[ ree-kaan-stuh-too-shn ]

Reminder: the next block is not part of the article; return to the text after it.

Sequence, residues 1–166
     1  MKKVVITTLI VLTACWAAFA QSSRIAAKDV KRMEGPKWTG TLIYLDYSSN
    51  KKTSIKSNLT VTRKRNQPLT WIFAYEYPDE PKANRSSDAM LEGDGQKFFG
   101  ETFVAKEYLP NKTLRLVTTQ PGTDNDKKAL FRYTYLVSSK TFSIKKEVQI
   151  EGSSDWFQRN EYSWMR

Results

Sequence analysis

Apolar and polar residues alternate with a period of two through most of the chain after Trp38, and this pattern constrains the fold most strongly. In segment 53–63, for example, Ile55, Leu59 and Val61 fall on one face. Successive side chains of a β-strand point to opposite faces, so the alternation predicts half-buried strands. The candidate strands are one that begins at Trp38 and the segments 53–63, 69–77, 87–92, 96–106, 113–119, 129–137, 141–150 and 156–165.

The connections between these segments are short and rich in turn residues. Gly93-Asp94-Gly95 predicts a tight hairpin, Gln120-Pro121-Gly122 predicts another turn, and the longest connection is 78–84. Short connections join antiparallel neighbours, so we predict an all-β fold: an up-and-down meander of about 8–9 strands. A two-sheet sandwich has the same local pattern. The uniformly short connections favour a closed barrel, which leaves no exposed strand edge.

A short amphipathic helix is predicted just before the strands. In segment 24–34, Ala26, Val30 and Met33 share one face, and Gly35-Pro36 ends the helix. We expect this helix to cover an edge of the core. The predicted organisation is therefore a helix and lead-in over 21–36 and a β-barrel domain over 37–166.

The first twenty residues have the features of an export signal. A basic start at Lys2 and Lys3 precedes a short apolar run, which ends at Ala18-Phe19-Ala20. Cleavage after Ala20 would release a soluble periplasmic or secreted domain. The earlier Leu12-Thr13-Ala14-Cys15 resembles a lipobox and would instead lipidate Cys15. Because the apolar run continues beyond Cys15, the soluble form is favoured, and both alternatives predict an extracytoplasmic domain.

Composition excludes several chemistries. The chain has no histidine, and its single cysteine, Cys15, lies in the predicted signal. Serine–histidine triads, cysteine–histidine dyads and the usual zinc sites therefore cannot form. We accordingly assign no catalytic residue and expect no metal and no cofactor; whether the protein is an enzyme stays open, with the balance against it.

Reconstitution in peptide therapy is the process of mixing a dry, powdered form of a peptide (also known as lyophilized peptide therapy) with a liquid (usually sterile bacteriostatic water) to create a solution that can be used for injection or other forms of administration. This process is necessary because many peptides are not effective in their powdered form and require a liquid medium for efficacy. Reconstitution typically involves adding the prescribed amount of liquid to the peptide powder, mixing it gently until it dissolves completely, and then using the resulting solution for treatment.